Sponsored By
American Agriculturist Logo

Farm bill funds new soil health projects in the NortheastFarm bill funds new soil health projects in the Northeast

The On-Farm Conservation Innovation Trials program was authorized in the 2018 Farm Bill.

December 17, 2019

2 Min Read
Close up of gloved hands collecting soil samples from a field
DIGGING INTO SOIL HEALTH: USDA’s On-Farm Conservation Innovation Trials support adoption of innovative practices on farmland. Three organizations in the Northeast received grants for this on-farm soil health research. microgen/Getty Images

North Jersey RC&D (Resource Conservation and Development) is one of three organizations in the Northeast that has received grants for on-farm soil health research.

North Jersey RC&D has been awarded $933,000 through the On-Farm Conservation Innovation Trials program, a new component of Conservation Innovation Grants (CIG) authorized in the 2018 Farm Bill.

On-Farm Conservation Innovation Trials support more widespread adoption of innovative approaches, practices and systems on working lands. Incentive payments are provided to producers to offset the risk of implementing innovative approaches.

The Soil Health Demo Trial component focuses on implementation of conservation practices and systems that improve soil health. Eligible entities that receive awards agree to follow consistent soil health assessment protocols to evaluate the impacts of practice and system implementation.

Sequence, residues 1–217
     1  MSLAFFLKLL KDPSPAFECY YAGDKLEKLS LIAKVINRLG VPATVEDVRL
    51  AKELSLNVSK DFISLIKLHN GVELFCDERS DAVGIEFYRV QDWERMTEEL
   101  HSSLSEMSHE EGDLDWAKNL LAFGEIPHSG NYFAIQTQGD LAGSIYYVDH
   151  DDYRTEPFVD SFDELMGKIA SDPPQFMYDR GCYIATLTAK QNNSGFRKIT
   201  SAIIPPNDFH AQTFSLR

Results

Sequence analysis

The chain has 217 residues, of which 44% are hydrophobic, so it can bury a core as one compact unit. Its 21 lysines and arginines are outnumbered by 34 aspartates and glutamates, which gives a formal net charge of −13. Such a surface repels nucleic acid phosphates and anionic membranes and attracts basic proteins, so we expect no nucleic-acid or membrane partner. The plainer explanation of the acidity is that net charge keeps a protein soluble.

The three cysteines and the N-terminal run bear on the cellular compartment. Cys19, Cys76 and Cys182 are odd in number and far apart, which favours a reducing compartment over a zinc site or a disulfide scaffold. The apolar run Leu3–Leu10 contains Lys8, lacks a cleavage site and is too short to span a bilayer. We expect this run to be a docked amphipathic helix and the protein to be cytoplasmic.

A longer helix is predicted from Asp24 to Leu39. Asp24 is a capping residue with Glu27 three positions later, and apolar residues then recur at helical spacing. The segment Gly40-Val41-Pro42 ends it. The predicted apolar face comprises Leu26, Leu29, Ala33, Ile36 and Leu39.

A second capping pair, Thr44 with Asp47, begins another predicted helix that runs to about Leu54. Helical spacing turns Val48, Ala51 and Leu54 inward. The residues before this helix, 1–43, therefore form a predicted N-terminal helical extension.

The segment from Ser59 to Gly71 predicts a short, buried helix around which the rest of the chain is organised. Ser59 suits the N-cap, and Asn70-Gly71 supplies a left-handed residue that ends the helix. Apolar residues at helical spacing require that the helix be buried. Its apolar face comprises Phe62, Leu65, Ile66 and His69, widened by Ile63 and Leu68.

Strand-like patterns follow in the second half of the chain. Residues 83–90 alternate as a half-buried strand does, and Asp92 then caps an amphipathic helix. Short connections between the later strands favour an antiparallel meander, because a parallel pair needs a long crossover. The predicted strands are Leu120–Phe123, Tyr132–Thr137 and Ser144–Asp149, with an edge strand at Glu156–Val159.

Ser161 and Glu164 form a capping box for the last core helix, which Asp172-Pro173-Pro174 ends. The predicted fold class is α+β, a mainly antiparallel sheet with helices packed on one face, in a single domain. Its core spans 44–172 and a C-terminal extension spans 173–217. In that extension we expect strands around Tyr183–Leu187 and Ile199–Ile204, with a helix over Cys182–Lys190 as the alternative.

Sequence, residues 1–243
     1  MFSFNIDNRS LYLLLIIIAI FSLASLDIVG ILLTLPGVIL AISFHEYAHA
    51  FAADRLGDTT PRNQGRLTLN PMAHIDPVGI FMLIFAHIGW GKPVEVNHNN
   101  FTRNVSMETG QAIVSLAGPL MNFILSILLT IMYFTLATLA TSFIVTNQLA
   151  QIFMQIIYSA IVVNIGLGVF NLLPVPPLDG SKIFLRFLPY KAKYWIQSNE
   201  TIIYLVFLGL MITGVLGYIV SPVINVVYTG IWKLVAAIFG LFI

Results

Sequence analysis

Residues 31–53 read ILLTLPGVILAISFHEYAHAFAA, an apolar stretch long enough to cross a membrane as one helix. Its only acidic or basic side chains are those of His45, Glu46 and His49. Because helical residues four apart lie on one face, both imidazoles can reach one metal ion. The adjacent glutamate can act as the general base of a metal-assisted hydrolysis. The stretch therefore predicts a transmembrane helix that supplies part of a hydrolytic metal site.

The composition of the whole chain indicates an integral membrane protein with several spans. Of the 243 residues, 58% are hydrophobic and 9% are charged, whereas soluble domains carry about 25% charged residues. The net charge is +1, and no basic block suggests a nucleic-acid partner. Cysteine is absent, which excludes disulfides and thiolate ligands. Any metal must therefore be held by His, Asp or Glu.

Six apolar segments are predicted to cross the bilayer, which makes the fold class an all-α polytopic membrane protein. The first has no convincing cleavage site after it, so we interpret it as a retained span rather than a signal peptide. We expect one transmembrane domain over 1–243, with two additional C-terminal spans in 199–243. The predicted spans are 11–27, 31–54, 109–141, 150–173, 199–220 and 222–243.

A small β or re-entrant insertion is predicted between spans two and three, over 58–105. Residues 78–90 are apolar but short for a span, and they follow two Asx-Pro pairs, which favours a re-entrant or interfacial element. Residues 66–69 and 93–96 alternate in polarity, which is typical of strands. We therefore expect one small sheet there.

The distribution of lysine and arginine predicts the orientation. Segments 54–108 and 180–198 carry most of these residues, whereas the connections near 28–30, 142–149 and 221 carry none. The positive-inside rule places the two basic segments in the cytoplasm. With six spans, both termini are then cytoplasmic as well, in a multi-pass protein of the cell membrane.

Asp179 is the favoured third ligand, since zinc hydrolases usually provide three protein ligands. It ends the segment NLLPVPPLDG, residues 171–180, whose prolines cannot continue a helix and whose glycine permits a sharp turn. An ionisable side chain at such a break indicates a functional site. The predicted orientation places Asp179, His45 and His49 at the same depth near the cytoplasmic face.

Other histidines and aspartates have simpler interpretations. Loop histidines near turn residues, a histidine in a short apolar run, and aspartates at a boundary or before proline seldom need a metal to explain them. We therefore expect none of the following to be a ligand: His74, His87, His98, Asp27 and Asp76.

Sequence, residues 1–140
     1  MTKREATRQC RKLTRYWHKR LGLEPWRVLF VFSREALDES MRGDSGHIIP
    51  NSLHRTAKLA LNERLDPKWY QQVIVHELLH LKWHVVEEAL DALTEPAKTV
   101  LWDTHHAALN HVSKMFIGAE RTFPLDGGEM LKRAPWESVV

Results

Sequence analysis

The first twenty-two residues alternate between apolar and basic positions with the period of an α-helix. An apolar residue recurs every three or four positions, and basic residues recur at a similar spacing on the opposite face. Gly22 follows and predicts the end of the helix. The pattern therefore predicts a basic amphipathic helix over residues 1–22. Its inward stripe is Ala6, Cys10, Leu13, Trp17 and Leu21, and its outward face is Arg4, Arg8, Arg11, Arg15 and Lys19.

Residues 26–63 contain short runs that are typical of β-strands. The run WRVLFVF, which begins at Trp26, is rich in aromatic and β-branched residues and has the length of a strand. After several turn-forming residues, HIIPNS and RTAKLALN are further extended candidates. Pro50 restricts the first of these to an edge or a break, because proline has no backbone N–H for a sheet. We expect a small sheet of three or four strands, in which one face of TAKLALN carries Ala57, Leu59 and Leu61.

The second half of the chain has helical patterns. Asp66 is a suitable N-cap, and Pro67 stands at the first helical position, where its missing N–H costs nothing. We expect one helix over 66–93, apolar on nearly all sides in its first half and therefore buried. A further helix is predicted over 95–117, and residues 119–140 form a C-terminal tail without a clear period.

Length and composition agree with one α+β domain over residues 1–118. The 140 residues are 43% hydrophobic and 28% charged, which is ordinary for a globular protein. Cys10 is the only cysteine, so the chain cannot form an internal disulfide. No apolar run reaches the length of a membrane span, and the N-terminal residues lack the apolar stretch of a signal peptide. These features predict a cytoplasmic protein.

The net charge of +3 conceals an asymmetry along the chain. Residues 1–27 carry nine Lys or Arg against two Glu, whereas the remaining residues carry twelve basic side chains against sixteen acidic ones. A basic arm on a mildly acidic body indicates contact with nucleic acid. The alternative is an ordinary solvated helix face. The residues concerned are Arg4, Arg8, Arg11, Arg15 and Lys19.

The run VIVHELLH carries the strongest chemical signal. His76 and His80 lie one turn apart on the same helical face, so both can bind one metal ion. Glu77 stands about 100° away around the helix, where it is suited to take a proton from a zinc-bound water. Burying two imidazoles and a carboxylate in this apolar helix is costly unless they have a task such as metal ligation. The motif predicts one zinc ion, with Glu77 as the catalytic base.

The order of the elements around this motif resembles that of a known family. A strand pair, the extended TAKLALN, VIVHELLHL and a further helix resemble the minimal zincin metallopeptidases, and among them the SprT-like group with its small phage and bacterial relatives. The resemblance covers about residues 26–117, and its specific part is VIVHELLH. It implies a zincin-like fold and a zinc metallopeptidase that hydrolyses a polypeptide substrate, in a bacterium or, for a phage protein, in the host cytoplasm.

In New Jersey, the money will be used to conduct a soil health demonstration that compares typical Northeast cover crop termination practices to innovative methods of delaying cover crop termination and cash crop planting.

Other grant winners are the University of Maryland, which is getting $1.6 million for a solutions-based evaluation of barriers to farmer adoption of in-season nitrogen decision support tools; and University of Vermont, which is getting $1.14 million for a project that looks at enhancing cover crops in northern corn silage systems.

Twenty-five farmers will be selected to participate in the New Jersey trial. They will be eligible for incentive payments to fund equipment purchases, fencing and other expenses.  

Of the 73 proposals submitted in the inaugural CIG On-Farm Trials competition, NRCS awarded $24.3 million to fund 16 projects that focus on public and private sector innovation in resource conservation.

Up to $25 million annually is available for On-Farm Trials. Funding goes directly to partners that provide technical assistance and incentive payments to producers to implement innovative approaches on their lands.

Producers receiving On-Farm Trials payments must be eligible to participate in the Environmental Quality Incentives Program (EQIP). The maximum On-Farm Trials award for 2019 is $5 million; the minimum award is $250,000.

Source: North Jersey RC&D, which is solely responsible for the information provided and is wholly owned by the source. Informa Business Media and all its subsidiaries are not responsible for any of the content contained in this information asset.

Subscribe to receive top agriculture news
Be informed daily with these free e-newsletters

You May Also Like